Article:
Accuracy in Media

We recently took C-SPAN to task for running an event committed to the proposition that al Qaeda did not carry out 9/11. One panelist said the 9/11 hijackers were “fake” people. We said it was comparable to airing a seminar on alien abductions. The channel, however, is still a good source of information, particularly when it airs a presentation by someone familiar with evidence and history. The recent presentation by Jeffrey Herf on his book, The Jewish Enemy: Nazi Propaganda during World War II and the Holocaust, was interesting not only for what he said about the past, but what he said about the future.

In light of the fact that some people did not address the threat posed by Hitler, he was asked for his opinion about Iranian President Mahmoud Ahmadinejad, who wants to eliminate the state of Israel. Without getting into the realm of policy, Herf said it was necessary for people to take such a leader and his statements seriously.

By extension, Ahmadinejad’s allies have to be taken seriously as well. And one of them, Hugo Chavez, president of Venezuela, was recently given Iran’s highest national award. According to an official release from the Iranian regime, Ahmadinejad “named Chavez as his brother as well as that of the Iranian nation and all the world freedom and justice seeking nations.” Shortly thereafter, Chavez announced he was withdrawing his ambassador to Israel, in protest over the Israeli response to aggression from Hezbollah in Lebanon. Chavez compared Israel’s bombings in Lebanon to Hitler’s actions in World War II during an interview with-what else?-Al Jazeera television.

On July 28, Chavez visited the Al-Jazeera offices in Qatar and described the operation as a media organization that broadcasts information based “on a real freedom.”

Fortunately, the general counsel of the Washington Post doesn’t seem to buy it. In a July 29 column in the Post, Diana M. Daniels accused the Chavez regime of intimidating the independent media by issuing threats to take back radio and television licenses if they publish or broadcast information that annoys the government. She cited the specific case of the regime threatening to close down the Venezuelan daily newspaper Correo del Caron?. Daniels, president of the Inter American Press Association, wrote the column after returning from a trip to Venezuela accompanied by newspaper representatives from Chile, Guatemala and the Dominican Republic.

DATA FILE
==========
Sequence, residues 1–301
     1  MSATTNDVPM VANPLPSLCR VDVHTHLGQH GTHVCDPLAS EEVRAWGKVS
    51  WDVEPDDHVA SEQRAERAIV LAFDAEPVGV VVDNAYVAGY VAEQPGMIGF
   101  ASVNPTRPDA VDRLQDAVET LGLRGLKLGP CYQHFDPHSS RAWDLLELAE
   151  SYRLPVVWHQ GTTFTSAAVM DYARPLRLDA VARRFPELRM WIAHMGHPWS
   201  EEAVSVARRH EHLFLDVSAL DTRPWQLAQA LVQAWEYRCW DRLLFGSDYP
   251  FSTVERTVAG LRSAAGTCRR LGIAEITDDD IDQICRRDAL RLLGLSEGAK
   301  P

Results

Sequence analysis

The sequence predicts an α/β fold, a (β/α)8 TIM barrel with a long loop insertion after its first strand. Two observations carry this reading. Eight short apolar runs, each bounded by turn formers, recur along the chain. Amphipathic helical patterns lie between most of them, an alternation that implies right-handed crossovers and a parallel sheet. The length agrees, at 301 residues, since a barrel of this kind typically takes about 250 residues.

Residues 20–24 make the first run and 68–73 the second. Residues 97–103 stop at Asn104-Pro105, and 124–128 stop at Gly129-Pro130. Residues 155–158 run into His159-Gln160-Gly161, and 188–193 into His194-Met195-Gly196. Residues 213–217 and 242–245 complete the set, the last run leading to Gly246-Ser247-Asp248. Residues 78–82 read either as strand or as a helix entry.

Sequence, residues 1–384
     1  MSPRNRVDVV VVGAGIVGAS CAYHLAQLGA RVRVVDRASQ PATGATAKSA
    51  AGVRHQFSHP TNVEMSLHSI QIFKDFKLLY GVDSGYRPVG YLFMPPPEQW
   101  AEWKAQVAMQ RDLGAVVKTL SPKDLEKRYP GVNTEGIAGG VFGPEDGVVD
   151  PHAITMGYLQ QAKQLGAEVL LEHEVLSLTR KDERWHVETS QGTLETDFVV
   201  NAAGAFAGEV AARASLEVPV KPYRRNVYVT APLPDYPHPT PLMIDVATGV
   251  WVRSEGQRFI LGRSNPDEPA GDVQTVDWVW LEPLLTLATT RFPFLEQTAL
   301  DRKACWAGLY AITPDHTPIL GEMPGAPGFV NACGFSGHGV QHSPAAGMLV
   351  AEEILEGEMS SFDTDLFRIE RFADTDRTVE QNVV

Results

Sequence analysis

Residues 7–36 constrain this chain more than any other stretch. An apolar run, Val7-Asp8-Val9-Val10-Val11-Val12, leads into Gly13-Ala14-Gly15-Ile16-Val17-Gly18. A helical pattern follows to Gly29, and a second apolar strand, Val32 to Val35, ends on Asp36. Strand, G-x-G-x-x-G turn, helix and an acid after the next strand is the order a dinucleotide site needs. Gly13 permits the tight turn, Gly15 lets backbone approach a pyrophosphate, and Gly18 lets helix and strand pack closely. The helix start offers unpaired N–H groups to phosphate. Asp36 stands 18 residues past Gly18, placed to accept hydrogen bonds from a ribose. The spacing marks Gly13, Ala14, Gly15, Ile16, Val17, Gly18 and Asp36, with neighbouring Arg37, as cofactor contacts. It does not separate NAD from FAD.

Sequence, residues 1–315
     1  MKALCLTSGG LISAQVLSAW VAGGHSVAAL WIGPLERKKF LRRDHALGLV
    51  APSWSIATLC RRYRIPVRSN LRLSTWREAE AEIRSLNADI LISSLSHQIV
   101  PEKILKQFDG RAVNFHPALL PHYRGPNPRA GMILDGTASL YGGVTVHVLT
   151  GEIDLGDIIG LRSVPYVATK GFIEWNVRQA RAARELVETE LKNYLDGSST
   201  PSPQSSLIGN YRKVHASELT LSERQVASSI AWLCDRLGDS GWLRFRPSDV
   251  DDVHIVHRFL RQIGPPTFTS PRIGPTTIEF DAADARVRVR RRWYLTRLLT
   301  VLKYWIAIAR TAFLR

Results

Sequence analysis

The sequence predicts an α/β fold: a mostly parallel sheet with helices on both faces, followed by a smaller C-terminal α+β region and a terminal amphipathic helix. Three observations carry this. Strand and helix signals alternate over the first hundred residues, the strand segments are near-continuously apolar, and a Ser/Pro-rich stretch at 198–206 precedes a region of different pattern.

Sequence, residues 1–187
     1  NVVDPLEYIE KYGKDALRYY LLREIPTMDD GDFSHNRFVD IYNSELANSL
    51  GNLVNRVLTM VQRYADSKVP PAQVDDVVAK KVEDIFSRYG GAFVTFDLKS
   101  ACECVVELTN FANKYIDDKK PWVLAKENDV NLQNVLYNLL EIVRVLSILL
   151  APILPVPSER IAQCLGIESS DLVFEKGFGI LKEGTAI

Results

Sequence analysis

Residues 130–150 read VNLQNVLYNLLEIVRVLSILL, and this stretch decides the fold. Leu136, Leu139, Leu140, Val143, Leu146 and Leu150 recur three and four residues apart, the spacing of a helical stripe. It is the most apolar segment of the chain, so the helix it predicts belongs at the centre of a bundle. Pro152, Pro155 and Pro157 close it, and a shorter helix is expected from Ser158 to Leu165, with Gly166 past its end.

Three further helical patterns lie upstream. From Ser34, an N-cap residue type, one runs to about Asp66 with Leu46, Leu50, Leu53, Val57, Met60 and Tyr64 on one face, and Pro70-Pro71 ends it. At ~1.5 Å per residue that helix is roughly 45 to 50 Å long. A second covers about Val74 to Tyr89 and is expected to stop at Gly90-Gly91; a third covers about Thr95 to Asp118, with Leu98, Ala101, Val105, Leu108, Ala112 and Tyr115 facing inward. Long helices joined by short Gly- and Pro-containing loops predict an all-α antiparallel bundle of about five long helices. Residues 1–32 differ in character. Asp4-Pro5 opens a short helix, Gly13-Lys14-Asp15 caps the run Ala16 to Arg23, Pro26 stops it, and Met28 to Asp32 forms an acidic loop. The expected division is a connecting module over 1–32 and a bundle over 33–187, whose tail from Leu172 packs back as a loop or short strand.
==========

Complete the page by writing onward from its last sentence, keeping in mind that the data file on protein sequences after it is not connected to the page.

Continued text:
However, Jeff Cohen, founder of the left-wing Fairness & Accuracy in Reporting, thinks the media in Venezuela are doing just fine. During a trip down there he said he found dissent flourishing all over, including in the media. “Dissent is alive and well in Venezuela,” he said, making no mention of threats against the independent media.

On the other hand, Cohen made headlines in the New York Post, of all papers, by expressing his disenchantment with rock star and political activist Bono for allegedly being connected to a video game that depicts a “power-hungry tyrant” leading Venezuela. Bono’s private equity company reportedly invested $300 million in Pandemic Studios, the maker of Mercenary 2: World in Flames, in which players try to challenge a dictator running an oil-rich country in South America. 

These are the priorities of the political left-wing these days. A dictator who threatens the media if they don’t toe the government line is to be ignored. But releasing a video game about challenging a ruler like that is beyond the pale.

Ready to fight back against media bias?
Join us by donating to AIM today.


Comments are turned off for this article.